By no means does this mean an advocacy of religious pogroms or even a call to a philosophical exercise to determine the superiority of one system of belief over another – let us talk ideas, not systems. However, it is quite disingenuous to teach our children one set of values and be seen embracing another in the name of tolerance – acceptance. From a philosophical perspective, religions – their practices and their preachings – can be measured by a variety of values, choice and harm being the most relevant to us, but also, as an academic exercise, metaphysics and law.

A traditional rebuke to such scrutiny is that it still privileges a system, a non-religious one in this case, over another. That is an outright lie. There is much to be found about governance, individual choice, liberty, and civil society in most of the major religions. These were important issues centuries ago too, and theologians and philosophers engaged in vigorous debate over them. There is no reason not to continue those debates today. To think that liberty or civil society was an issue that concerned only the West or only the secular thinker is to accept the hogwash of the religious fundamentalist and the idiot secularist.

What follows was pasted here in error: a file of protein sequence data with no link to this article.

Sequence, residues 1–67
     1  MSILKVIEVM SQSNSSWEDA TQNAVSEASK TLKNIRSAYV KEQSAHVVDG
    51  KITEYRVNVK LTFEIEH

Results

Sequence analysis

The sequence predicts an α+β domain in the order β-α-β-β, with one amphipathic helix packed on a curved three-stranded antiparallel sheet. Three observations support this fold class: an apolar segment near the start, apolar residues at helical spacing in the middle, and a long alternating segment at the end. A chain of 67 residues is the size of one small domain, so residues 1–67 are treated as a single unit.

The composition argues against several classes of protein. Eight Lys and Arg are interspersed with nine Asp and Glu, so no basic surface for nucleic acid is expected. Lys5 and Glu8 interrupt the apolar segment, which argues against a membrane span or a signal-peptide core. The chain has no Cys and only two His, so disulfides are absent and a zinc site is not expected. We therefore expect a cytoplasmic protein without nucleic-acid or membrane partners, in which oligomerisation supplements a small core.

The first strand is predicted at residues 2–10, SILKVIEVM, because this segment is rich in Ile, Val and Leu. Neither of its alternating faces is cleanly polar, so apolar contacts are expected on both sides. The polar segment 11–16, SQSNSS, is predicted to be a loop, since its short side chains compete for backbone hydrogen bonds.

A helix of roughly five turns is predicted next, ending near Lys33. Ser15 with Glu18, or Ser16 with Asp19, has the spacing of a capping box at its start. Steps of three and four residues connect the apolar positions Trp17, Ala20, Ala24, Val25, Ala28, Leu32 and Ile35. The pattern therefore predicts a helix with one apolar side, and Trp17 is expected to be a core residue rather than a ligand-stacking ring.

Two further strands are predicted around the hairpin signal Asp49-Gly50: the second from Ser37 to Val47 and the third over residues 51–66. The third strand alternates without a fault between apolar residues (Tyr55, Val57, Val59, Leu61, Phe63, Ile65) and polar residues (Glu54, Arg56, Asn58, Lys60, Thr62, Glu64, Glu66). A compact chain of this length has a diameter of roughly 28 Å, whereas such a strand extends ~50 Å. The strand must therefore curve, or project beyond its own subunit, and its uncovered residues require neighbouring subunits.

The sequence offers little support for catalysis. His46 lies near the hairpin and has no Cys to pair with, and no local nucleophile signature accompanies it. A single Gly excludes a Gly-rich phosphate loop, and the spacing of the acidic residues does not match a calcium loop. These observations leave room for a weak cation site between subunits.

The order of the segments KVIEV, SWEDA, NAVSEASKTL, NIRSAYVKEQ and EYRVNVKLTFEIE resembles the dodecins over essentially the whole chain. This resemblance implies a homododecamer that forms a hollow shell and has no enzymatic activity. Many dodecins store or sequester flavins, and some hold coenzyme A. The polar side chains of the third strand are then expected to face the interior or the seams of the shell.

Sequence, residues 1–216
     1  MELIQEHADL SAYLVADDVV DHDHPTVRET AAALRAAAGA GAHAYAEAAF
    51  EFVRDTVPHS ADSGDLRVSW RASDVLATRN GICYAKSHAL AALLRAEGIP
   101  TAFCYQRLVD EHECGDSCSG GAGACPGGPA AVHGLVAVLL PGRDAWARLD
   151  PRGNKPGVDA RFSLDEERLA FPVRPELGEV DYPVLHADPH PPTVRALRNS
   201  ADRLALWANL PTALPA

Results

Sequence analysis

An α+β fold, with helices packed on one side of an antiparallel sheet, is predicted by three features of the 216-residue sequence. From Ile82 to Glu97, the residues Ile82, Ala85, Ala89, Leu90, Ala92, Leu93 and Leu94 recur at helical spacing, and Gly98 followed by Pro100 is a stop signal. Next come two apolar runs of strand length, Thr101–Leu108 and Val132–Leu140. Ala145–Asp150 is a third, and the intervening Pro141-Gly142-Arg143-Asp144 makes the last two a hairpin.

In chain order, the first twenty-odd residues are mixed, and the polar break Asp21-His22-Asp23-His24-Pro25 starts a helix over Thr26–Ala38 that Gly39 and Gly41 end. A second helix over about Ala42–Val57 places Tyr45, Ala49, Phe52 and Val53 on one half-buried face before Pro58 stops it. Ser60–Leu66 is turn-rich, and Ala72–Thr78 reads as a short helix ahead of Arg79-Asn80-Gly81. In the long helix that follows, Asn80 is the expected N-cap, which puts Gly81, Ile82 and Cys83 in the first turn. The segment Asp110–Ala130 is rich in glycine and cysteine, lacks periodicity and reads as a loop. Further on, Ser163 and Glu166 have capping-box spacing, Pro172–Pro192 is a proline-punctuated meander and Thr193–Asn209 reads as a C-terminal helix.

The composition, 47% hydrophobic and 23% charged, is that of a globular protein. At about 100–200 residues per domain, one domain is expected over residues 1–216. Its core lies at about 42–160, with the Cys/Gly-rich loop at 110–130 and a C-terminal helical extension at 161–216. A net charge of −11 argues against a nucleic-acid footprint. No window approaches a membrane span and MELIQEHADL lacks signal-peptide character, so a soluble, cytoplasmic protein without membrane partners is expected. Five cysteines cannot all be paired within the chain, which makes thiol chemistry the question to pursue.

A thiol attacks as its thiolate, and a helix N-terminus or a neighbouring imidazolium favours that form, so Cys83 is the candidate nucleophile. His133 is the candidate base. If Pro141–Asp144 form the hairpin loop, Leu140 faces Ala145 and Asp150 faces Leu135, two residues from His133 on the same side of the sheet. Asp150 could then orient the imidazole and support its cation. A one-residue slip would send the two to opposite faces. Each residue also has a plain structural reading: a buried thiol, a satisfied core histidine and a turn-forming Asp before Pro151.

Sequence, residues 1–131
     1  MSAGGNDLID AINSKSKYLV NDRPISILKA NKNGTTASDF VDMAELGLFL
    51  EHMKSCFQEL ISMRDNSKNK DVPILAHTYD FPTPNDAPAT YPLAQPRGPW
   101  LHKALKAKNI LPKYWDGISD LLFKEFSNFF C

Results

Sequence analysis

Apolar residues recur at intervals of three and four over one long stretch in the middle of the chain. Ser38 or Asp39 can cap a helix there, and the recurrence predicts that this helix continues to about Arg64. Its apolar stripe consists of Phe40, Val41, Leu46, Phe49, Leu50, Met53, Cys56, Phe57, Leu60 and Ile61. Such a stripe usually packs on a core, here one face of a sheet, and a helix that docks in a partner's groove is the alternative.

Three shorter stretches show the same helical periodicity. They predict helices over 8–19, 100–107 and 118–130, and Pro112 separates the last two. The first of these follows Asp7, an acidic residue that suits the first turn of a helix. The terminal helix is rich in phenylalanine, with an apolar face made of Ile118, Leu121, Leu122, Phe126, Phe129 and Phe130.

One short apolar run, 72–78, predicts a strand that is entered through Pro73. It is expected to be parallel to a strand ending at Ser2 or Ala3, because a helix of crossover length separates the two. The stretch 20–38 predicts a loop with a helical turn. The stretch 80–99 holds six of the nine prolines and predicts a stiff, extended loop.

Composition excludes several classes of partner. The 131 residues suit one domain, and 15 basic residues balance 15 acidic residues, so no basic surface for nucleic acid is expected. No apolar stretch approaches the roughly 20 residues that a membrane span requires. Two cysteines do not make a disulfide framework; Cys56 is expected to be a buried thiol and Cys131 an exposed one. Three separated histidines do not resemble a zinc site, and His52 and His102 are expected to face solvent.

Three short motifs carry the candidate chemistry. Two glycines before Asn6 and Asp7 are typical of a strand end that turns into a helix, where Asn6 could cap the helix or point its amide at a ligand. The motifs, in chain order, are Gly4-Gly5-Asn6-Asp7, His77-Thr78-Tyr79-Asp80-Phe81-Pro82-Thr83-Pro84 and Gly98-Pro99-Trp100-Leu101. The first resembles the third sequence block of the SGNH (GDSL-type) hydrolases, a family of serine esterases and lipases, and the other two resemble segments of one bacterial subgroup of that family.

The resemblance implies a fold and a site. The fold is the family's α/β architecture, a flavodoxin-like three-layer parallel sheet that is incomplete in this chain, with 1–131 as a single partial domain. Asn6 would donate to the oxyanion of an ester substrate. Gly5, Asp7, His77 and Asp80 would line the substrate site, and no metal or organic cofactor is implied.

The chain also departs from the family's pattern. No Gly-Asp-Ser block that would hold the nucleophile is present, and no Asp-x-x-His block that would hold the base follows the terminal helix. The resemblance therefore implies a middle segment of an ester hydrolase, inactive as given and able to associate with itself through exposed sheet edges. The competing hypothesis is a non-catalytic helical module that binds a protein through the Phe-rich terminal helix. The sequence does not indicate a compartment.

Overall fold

Admittedly, this places a heavy burden on the average person who, despite his/her best intentions, may have neither the time nor the resources to investigate various faiths and their philosophical intricacies. This is all the more reason that newspaper columnists should show a little more nuance in their discussion of important issues. Beating on columnists aside, the message in the public sphere ought to be one of grudging physical tolerance of people and an outright rejection of the barbaric ideas that are allowed to parade as religion. The common man is not so ignorant as to not perceive the mood, and hopefully, will imbibe a sense of the argument even if not the sophistication to repeat the exercise him/herself – as experiments on capuchin monkeys have shown, a sense of justice is finely ingrained into not just humans but many animal species.

Finally, if some ideas are so repulsive, why not excise them from the body politic? Ah, but such is the language of reigns of terror! Countering irrationality wherever it occurs, rejecting ideas that curtail liberty, not accepting the tyranny of one sect, gender, or group over others in the name of political correctness, making heinous acts such as child marriage illegal, are all little ways of rejecting without violence. And why should one be so gentle? Because violence begets violence, is unproductive, is a surrender to baser animal urges, is illegal. and most importantly, the numbers say it is too late short of genocide. So instead of platitudes, please, I urge you, dear readers…use reason. You’d be surprised at how quickly the detritus withers away (at least from your immediate circles).

PS: I apologise for the unevenness of this post – I was quite irate at the DNA article and it is late in the night. Fully explicated, the discussion should have entailed Aristotle, Plato, Maimonides, and Spinoza (because they are the most relevant of the ones I know well).

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Jaideep A. Prabhu is a specialist in foreign and nuclear policy; he also pokes his nose in energy and defence related matters.